(This is the short but sweet last piece of our 5-part interview series with Dr. Katja Rowell whose consulting service, The Feeding Doctor, focuses on helping families learn about healthy, happy eating. Be sure to become a The Feeding Doctor fan on facebook and check out her new book, Love Me, Feed Me! now available at Amazon. I want to thank Katja for sharing so much valuable information with me and my readers and hope that you got as much out of this series as I did! If you did, please let Katja know in the comments below — she is collecting testimonials and would love to have yours!!!)
How can we talk about “junk” food without demonizing it? How do we teach kids moderation?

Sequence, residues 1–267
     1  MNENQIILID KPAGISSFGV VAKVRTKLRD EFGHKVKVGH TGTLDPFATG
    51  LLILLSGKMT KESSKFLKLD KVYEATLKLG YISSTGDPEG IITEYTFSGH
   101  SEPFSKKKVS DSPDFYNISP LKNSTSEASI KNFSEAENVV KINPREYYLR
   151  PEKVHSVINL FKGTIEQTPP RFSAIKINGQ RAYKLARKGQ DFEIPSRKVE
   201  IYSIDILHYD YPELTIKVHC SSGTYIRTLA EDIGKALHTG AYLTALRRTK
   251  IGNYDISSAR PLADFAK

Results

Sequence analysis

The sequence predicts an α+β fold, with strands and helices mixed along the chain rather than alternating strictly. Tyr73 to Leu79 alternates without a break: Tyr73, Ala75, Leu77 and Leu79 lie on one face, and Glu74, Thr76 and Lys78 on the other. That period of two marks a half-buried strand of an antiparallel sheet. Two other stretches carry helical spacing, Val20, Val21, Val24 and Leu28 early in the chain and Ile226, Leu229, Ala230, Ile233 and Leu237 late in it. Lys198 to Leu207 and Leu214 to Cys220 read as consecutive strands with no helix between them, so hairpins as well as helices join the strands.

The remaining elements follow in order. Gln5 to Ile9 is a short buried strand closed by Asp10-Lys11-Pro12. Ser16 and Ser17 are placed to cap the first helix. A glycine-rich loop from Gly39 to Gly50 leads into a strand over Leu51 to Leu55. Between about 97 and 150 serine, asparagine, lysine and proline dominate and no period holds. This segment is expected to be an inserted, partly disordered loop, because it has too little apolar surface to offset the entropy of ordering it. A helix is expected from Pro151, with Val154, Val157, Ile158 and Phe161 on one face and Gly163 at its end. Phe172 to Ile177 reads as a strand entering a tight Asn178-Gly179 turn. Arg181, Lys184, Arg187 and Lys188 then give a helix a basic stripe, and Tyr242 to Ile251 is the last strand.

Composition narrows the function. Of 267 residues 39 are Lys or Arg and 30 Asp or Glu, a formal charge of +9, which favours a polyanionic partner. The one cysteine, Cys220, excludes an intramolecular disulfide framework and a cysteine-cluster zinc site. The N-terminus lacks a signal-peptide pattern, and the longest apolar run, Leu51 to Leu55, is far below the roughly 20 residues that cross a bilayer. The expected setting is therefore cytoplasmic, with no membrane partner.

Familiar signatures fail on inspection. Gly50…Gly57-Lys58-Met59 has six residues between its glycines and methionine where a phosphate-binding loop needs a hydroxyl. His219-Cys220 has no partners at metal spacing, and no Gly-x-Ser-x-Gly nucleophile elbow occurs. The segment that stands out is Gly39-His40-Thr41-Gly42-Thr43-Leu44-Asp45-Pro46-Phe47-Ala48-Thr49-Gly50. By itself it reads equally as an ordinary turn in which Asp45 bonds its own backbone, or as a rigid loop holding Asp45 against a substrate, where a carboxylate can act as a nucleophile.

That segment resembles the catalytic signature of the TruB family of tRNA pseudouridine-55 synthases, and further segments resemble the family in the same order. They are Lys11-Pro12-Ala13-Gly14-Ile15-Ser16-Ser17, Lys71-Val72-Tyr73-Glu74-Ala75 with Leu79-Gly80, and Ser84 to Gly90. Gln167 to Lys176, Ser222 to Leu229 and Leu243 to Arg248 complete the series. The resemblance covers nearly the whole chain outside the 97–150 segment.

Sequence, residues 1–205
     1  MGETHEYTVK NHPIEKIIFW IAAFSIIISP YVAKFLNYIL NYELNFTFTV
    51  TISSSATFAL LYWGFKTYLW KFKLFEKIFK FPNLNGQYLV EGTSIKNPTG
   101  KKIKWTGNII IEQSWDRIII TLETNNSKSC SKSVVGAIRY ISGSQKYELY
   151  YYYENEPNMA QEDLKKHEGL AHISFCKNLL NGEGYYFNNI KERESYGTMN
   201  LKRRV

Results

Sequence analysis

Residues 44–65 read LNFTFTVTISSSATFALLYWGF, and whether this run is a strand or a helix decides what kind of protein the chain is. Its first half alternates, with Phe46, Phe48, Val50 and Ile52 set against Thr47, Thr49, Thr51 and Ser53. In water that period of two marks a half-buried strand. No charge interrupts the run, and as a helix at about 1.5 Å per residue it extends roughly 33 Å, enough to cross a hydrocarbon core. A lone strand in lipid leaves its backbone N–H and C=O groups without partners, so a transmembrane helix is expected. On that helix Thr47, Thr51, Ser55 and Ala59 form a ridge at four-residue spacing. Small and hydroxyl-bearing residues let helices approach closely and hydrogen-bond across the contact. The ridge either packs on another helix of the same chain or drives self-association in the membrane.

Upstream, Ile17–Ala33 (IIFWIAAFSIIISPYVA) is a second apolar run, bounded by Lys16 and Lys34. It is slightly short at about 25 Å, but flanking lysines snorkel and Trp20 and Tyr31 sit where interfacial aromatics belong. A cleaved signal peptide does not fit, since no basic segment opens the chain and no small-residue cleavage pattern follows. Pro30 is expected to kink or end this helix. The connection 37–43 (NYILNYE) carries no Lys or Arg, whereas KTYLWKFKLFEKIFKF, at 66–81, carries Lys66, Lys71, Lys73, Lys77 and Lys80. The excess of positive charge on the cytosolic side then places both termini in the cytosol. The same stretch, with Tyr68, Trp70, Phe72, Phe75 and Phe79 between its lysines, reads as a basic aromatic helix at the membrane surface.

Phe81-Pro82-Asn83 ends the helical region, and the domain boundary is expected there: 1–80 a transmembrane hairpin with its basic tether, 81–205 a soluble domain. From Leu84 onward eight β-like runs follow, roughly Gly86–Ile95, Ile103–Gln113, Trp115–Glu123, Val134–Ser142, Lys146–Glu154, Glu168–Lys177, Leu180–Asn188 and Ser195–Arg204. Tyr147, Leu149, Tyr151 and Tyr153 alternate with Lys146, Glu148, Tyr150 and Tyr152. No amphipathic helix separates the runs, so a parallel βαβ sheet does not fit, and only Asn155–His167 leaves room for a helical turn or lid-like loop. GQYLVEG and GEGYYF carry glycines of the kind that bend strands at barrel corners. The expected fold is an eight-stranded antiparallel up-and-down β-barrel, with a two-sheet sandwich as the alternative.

Honor variety. Don’t use words that imply judgment like “junk” or “bad” or even “red light foods.” I might say, “We can’t have ice-cream tonight because we ate it yesterday. We are so lucky we get to eat so many different foods. Tonight we’re having fruit salad, or apple sauce, pudding…” whatever it might be. Talk about how you feel after certain foods. My daughter does “treat snacks” now and again and if she chooses to only eat candy she gets hungry sooner. I can point out (but not blame) “you know, if I only eat candy I run out of energy fast too. Maybe we’ll move dinner up a little tonight.” You could talk to an older child about picking foods for snacks from the various food groups. As much as you can, bring it back to how they feel. If a kid eats “too much” they might complain of a stomachache. It’s a learning opportunity. You can give a cuddle and say, “I’m sorry your tummy hurts. Mine hurts too when it gets too full.”
So what’s the top three things parents can do to help their kids with healthy eating?
Enjoy your food, honor variety and eat family meals.
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